Baby, it’s cold outside. Luckily, gay dance floors are fired up this winter, thanks to new blazing tracks from our favorite club artists! Here are just a few of the new numbers heating up your favorite gay club this winter.
"Last Drag," Traci Lords (Sea to Sun)
The notorious Traci Lords returns to the dance floor with a catchy, full-throttle club track about the cravings that tempt the innocent to the wild side. Her first release through independent dance label Sea to Sun, "Last Drag" is anything but a drag. Its perfectly concocted blend of camp and vamp suits Lords to a tee proving she can be playful as a pussycat but when it comes to music, she is all business. The main edit is mix engineered by four‐time Grammy Award winner Tom Lord‐Alge. Remixes by Razor n Guido and Sted‐E & Hybrid Heights.
"I’m Your Man," Moses
The first single from the out-artist takes listeners on a sonic journey into the mind of a young man who is not afraid to turn conventional on its ear. Its dirty synth sound, heavy beat, and harmonies are influenced by 80s new wave pop. The song and its provocative music video explore the idea of masculinity and gender roles, demonstrating how a man can be strong and sexy in many forms. Even dressed in outfits Lady Gaga might wear, Moses packs a punch and his music is no-holds-barred honest and raw.
"I’m Not Going Down," Sariah
Sariah is as wholesome and well adjusted as they come, except when it comes to her provocative song titles. The follow-up to last summer’s "All About Sex" is a shiny, digitally rendered, huge power ballad. It’s a mix of Britney, Christina and maybe even old school Jessica Simpson. Sariah takes a rather cliché subject about not being in the mood for a dead end romance but adds a youthful vibe and playful lyrics (with double meanings) to make her message sound fresh and relevant to the young clubbers that adore her.
"Who’s In My Mouth?", LaLa
What makes club music worthwhile is that you can dance to it, you can make out to it, and you can get silly with it. LaLa does all that with her latest semi-camp, high-energy ditty that captures our celebrity-obsessed zeitgeist. With pop star sass, LaLa belts out lyrics that would make Ke$ha blush. LaLa may be half-pint sized but she is a lyrical and vocal firecracker and her R&B laced music is explosive.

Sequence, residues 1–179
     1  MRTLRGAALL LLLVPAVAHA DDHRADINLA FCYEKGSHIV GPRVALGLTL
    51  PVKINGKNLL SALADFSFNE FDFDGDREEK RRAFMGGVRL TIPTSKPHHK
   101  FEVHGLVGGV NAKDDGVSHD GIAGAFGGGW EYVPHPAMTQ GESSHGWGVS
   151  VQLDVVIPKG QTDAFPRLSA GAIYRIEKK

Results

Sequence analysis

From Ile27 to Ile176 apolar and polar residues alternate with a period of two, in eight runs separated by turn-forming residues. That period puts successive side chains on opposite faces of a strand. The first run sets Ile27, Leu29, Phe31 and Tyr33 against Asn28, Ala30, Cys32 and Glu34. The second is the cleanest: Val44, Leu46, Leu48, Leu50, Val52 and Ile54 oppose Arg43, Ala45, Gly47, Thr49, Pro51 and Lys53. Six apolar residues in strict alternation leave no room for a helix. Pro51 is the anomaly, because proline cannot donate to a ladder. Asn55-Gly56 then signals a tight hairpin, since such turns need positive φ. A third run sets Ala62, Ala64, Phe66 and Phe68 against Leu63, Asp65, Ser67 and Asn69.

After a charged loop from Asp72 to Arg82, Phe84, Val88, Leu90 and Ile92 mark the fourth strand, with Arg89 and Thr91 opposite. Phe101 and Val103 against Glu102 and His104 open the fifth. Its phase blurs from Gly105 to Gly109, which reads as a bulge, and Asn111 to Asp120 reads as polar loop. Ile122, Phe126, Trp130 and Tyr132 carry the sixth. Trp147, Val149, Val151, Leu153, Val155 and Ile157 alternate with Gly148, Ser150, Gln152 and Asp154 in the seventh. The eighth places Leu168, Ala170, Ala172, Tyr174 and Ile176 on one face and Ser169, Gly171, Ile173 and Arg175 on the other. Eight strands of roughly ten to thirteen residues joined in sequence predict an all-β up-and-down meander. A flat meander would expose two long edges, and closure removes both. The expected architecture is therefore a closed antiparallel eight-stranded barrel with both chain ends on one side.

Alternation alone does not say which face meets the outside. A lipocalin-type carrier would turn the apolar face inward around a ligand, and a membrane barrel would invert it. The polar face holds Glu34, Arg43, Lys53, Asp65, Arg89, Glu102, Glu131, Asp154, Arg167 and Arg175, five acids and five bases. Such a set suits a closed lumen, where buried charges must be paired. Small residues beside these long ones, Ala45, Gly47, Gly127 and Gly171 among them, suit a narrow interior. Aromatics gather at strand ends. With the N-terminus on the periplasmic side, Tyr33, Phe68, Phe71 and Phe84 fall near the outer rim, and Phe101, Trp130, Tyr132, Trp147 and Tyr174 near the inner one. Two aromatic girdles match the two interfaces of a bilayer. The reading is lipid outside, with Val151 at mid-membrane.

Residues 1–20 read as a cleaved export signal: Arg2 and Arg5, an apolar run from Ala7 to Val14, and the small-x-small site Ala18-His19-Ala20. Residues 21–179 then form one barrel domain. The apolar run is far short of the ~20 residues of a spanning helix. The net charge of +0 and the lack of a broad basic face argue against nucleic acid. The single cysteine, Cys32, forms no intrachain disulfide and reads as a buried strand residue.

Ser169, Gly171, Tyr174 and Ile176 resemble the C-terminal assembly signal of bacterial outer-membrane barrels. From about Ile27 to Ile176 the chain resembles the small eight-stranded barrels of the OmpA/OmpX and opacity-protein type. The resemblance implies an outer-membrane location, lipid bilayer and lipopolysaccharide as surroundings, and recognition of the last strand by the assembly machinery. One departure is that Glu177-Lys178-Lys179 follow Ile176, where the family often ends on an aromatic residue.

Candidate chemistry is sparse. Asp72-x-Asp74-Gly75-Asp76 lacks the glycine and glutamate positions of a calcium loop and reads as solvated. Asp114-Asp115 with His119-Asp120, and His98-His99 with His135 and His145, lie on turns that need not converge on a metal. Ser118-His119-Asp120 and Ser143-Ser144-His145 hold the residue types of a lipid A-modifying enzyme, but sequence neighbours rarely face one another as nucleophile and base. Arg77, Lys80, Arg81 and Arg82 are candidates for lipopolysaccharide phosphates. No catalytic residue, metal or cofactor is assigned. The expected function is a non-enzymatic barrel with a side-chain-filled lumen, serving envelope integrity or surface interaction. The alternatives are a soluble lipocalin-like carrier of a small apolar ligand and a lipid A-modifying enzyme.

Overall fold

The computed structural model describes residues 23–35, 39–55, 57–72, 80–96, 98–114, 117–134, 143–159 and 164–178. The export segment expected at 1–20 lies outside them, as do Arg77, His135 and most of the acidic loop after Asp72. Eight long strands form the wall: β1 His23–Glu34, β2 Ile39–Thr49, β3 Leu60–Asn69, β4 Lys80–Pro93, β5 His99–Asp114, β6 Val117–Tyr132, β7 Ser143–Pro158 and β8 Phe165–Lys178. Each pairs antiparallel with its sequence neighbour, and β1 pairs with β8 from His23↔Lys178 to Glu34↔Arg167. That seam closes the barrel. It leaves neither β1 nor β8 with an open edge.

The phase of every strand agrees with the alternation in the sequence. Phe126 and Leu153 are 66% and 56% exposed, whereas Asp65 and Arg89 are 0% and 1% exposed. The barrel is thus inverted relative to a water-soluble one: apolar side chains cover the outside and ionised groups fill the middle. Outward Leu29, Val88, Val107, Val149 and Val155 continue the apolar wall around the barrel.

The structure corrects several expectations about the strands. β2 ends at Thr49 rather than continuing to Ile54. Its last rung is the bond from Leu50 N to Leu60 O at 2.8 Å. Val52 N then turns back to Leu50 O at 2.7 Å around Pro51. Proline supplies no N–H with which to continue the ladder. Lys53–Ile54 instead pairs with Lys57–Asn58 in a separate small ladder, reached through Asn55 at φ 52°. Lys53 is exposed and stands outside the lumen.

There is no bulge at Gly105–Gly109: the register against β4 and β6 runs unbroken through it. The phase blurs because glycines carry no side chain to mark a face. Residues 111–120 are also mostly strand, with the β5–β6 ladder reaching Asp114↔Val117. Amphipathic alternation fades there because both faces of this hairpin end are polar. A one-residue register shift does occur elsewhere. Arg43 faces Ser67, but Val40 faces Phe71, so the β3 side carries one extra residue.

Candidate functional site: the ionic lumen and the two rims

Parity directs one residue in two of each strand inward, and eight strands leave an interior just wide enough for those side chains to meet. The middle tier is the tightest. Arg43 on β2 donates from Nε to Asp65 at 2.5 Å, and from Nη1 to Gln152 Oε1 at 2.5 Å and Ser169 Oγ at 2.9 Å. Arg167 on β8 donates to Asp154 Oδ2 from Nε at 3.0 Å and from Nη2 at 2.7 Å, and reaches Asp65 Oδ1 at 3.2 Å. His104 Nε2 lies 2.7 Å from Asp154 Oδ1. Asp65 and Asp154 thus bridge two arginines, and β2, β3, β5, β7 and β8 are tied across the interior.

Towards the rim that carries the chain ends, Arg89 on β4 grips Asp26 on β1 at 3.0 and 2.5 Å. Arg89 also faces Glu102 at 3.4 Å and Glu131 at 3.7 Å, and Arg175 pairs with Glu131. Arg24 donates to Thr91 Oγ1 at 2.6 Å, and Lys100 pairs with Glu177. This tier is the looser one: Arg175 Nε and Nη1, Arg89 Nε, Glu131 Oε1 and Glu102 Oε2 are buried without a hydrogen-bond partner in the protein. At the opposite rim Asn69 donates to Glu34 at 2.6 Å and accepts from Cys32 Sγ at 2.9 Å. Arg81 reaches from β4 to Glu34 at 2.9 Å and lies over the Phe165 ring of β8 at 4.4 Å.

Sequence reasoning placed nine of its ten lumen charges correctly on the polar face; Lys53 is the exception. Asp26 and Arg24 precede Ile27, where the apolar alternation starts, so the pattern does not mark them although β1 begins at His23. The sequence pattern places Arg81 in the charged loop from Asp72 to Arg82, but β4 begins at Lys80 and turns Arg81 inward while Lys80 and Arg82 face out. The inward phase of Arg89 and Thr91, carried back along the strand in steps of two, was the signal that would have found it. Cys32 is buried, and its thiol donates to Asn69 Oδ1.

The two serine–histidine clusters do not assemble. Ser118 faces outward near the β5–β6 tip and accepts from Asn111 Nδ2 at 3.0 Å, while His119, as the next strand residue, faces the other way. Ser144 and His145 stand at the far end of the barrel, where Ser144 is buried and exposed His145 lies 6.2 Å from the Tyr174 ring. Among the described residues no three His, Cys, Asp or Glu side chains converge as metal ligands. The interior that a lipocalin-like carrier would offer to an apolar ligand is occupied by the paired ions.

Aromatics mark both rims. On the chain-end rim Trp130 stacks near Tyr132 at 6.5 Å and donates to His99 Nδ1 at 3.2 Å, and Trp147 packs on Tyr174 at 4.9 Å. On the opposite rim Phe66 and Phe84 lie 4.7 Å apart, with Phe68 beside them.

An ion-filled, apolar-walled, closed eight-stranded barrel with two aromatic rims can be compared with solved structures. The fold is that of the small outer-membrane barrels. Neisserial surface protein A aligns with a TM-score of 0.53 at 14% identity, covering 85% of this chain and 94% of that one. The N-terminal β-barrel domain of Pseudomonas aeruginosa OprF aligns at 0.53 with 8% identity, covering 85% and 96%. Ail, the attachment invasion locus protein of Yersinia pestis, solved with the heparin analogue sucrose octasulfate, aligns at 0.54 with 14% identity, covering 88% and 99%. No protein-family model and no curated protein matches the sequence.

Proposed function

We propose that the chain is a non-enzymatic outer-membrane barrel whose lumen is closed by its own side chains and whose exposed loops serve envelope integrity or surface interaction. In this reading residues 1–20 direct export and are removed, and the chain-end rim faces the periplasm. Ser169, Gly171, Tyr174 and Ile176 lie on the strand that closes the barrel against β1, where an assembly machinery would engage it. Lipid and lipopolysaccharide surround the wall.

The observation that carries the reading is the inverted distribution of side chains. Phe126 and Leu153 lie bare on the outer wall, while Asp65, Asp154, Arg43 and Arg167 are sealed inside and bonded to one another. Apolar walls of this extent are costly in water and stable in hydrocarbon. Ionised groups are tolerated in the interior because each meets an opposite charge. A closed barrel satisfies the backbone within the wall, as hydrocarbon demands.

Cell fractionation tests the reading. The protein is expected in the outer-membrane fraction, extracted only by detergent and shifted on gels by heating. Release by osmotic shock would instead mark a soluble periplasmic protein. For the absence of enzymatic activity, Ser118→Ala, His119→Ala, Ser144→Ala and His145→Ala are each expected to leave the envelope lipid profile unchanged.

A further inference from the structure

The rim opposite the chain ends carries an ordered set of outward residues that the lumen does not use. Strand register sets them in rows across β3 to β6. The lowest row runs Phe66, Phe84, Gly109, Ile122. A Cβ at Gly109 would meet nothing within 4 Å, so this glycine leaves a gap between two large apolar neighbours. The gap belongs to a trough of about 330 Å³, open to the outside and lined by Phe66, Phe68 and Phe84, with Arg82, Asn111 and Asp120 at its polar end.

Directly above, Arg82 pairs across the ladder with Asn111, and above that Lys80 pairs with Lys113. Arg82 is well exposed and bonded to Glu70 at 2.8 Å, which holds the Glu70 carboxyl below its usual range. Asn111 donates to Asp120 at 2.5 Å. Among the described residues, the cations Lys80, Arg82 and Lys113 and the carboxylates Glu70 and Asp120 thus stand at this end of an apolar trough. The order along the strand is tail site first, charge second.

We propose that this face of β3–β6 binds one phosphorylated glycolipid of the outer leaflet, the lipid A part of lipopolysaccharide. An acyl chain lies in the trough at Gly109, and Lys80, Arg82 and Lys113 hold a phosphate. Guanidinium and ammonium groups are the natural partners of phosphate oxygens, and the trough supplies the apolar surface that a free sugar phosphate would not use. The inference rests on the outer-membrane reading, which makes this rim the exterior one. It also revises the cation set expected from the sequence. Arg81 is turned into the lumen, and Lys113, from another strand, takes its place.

"Queer Nation," Elephant
Jackson and Coleman Vrana make up the angst ridden, twin gay brother rap band, Elephant. Their first single since signing to Scruffy Records is their most confrontational ever, taking direct aim at the rampant homophobia in today’s hip hop community. There are obvious elements of Eminem, however their rhymes avoid topics common in traditional hip-hop. There is no mention of money, bling, or guns. In place of record scratching and hard pounding bass, the twins present an electro-based hip-hop, incorporating penetrating synthetic beats with punk‐laden melodies created from guitars and keyboards. It works to give a unique voice to a whole new generation of young queer activists.
The Austrian hitmaker’s follow-up to "Taste the Night" is less immediate and more experimental, a bit more alternative/electronica sounding than the club thumping zeal of her previous track. To some it will be seen as a tip of the hat to Kylie Minogue, and they may be right. The single’s strength is in large part due to Dalal’s willingness to toy with her sound -- even if it’s within the confines of dance-pop. Without risks, there can be no rewards, and the catchy melody of "Suddenly" paired with the young artist’s breathy, forlorn vocals make a tantalizingly smooth and seductive new dance track.